Number Seven: Ryan Adams � 'Ashes & Fire'
This is Adams most straight forward record and it's a truly alluring one at that. Comparing it to other works in his catalog is a fruitless exercise, because what we have here is an engaging record you can wholly immerse yourself in. His knack for lush lyrics is on display but the spare arrangements make the listener feel as if they are hearing his heartbeat race. The electric guitar is mostly absent in place of entrancing atmosphere of striking minimalism. If you open yourself to the spare arrangements, you discover that Ashes & Fire is a slow burning record, where the songs slowly evolve from acquaintances to friends. I proclaimed Ryan Adams the "Artist of the Decade" over at antiMUSIC a few years back because song for song no one else was as consistent or as fertile. I'm not sure if he's ever sounded more confident or assured than he does on Ashes & Fire so for your next road trip or late night listening, dive deep with this record and discover a new friend.

Number Eight: 'Drive' (Original Motion Picture Soundtrack)
There is an 80's inspired synth-pop soundtrack that should sound dated but isn't. Drive is simultaneously a nightmare and a dream evoking the feeling of undying love while throwing the sick and violent nature off the real world in your face. Composer Cliff Martinez created soundscapes that echo the underlying and bristling emotions within the film. Chosen for his work on the indie break-thru sex, lies, and videotape from more than two decades back, Martinez once again delivers a score full of restraint that's icy as it is alienating. We've come to associate scores that are ostentatious, exacerbated and manipulating but Martinez has crafted a series of mood pieces that tie-in directly with the story and its characters. If you don't pay attention close enough, you may not even notice his musical touches which is truly the highest compliment I can give. Instead of a walloping crescendo of strings, Martinez compliments a hypnotizing universe in constant motion with subtlety.

The score is complimented by five songs. The opening title sequence features "Nightcall" by Kavinsky, an electronic musician from France. The marriage of music and film on these opening titles is esoteric. We're not sure where we are being taken or what roads will be traveled, but the early distorted vocals add an element of darkness before Lovefoxxx acts in contrast to the monstrous machine-like vocals at the beginning. It foreshadows what is to come. Chosen by the editor of drive, Matt Newman, it sets the perfect tone for what is to come. "Under Your Spell" by Desire, a synth-pop group from Montreal calls to mind wistful fantasy. The music moves beyond words thus taking you into a dreamlike state. Watching the song onscreen induces a feeling of d�j� vu. It feels wholly familiar but isn't. It could have been from an 80's film but instead it appears here for the first time in nearly three decades later. It houses an air of innocence and within the confines of Drive, its genre busting. The film's climax is "A Real Hero" by College which repeats itself throughout the film, notably at key transitional moments for Gosling's character. David Grellier is the driving force behind College and he roped in Electric Youth for "A Real Hero". The song is gentle yet distinctively 80's. Greillier is someone who was influenced by 1980's pop culture and created a song that is wholly original and yet has an affectionate and distinctive feel to it. From the second it penetrates your ears, it sounds like the greatest song you've never heard that could have been a long lost club cut or even a song you heard in a previous life. It's perfect in every way imaginable. The songs within Drive are not ones I would have initially paid attention to outside of the context of the film but within it they come across as soulful hymns as they root out thee character's agony and elation. \ You may not know it but Drive is more than 2011's best film; it is also the most transfixing and arousing soundtrack of 2011 as well.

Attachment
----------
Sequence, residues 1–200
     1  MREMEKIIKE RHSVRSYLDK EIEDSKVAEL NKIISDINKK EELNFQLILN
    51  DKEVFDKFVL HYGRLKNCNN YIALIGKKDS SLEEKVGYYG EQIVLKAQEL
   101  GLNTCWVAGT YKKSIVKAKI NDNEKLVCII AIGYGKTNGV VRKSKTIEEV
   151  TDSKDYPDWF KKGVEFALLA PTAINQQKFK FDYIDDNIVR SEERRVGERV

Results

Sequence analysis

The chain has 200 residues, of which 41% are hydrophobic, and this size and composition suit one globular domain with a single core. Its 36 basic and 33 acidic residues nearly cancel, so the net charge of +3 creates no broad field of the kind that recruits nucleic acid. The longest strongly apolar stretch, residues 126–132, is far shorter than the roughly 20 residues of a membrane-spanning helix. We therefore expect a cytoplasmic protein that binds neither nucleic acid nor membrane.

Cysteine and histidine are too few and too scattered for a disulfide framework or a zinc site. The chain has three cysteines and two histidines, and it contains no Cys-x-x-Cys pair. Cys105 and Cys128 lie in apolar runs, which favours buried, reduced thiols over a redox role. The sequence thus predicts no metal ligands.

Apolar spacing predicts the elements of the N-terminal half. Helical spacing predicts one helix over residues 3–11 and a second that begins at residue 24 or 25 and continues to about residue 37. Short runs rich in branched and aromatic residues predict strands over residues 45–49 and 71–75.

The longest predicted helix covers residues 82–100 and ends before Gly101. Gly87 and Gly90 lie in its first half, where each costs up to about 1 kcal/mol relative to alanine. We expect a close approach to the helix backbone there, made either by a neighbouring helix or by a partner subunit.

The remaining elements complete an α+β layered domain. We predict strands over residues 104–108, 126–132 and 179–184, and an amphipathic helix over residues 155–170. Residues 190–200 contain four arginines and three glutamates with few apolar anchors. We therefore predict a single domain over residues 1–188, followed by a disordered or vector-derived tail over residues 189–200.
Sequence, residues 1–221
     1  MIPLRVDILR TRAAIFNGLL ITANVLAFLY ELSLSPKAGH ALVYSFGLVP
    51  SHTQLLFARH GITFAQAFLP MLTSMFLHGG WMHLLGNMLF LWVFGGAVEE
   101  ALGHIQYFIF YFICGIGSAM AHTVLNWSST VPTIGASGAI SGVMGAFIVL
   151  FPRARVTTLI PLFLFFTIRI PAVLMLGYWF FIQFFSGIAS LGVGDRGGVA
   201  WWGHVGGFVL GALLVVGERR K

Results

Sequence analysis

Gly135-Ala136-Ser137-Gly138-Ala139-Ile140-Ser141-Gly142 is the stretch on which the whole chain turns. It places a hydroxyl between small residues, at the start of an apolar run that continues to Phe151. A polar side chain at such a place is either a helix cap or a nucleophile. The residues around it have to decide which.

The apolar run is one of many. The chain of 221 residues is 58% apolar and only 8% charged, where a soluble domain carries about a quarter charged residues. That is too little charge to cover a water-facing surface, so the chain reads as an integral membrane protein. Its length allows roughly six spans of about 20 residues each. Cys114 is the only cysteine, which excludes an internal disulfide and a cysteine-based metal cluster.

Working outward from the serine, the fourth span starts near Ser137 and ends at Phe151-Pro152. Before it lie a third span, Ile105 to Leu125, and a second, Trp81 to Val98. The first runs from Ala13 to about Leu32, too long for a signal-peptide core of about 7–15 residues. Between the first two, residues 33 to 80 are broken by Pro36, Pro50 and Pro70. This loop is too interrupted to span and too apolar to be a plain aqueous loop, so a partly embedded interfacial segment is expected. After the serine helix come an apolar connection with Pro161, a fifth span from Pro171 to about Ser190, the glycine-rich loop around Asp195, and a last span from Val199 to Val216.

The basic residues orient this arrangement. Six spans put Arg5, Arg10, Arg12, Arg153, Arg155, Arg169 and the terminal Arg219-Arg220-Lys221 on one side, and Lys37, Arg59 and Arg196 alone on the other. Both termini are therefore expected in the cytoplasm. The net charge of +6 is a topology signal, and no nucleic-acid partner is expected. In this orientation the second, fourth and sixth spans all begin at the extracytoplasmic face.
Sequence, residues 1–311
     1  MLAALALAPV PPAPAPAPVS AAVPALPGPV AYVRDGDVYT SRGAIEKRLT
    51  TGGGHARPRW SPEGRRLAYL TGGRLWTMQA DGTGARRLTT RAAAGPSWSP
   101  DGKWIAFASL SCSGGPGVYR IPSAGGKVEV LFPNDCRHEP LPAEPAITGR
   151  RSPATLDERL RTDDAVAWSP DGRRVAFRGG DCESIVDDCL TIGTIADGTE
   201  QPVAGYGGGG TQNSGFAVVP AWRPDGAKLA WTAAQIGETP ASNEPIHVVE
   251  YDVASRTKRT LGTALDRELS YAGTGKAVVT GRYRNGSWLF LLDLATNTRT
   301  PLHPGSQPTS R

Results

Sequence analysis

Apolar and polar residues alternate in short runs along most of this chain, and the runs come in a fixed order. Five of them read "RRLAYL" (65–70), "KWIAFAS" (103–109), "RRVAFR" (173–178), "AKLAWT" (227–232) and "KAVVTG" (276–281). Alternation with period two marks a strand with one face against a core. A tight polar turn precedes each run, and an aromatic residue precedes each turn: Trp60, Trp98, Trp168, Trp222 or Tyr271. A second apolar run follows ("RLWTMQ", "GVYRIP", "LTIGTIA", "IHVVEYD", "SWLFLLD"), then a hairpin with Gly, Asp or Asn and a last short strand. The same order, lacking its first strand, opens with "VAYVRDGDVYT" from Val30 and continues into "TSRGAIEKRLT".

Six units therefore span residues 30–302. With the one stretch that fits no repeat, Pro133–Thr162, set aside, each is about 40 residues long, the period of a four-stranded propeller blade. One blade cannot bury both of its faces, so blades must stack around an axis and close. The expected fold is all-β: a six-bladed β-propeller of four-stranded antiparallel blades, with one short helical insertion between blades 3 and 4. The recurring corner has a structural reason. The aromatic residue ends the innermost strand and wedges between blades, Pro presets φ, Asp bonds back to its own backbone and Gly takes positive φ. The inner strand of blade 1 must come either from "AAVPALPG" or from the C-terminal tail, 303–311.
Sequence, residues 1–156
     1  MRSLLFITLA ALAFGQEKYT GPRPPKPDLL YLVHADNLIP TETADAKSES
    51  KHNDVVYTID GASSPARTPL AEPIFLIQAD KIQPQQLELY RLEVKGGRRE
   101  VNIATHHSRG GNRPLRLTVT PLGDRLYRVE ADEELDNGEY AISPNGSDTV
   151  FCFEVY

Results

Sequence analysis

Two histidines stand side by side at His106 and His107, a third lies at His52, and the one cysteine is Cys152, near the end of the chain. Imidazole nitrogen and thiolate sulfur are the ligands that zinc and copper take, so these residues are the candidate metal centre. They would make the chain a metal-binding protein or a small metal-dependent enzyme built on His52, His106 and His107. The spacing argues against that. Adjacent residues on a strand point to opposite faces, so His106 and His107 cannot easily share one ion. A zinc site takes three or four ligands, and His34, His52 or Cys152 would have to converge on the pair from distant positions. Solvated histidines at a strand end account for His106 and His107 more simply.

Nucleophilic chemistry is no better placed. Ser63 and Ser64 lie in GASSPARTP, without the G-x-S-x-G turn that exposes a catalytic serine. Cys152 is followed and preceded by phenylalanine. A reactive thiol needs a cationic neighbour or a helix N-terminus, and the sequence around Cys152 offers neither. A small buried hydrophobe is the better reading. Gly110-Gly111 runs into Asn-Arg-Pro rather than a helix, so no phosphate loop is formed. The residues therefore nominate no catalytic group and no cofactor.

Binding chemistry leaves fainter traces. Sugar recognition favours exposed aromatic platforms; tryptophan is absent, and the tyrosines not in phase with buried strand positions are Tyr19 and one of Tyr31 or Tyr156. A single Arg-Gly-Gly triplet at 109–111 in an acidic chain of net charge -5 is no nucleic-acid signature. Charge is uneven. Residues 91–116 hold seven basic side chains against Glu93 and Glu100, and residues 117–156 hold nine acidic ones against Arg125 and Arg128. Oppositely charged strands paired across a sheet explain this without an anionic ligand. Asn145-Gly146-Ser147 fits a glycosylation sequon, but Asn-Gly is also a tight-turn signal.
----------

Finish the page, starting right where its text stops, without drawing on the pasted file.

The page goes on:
Number Nine: Natasha Bedingfield � 'Strip Me'
This record came at me from the least expected of places. Due to some clever uses of the songs within film trailers and during movie credits, I sought it out. The album didn't even crack Billboard's Top-100 and yet, I find it to be an elating ride down the corridors of reflection and self-awareness. This is a more defiant album than Lady Gaga's Born This Way. It may be front loaded with greatness and even though its consistency dips towards the back half, her vocal delivery is primordial for a pop record. It's not a showcase for her to show you her instrument but a tool she utilizes to mesmerizing effect. I didn't feel as if I was listening to songs but someone who was expressing something. Polish and multi-layered production can't diminish her Spartan voice. "A Little Too Much", "Strip Me" and "Neon Lights" find the narrator bursting back to life with a sense of empowerment. It may be clich� and paint-by-numbers, but she sells it better than anyone. We view pop stars as Shakespearean tragedies. Their talent is sacrificed for the masses and dollar signs. But what if someone can articulate themselves through the sheen of the glistening pop? Natasha Bedingfield pulled it together, did it her way and through it all you hear her tenacity. At the core of Strip Me are self-empowering lyrics broken down to the most essential elements. I feel alive, indomitable and believe I can accomplish anything listening to this record. On the track "A Little Too Much" she ends the song with a poignant yet gut wrenching lyric that you hear loud and clear, "I'd rather love just a little too much". Bedingfield casts a spell on her listeners on Strip Me where she aims squarely at the heart. I don't just hear someone coming into their own as an artist, but someone who has grasped their inner soul.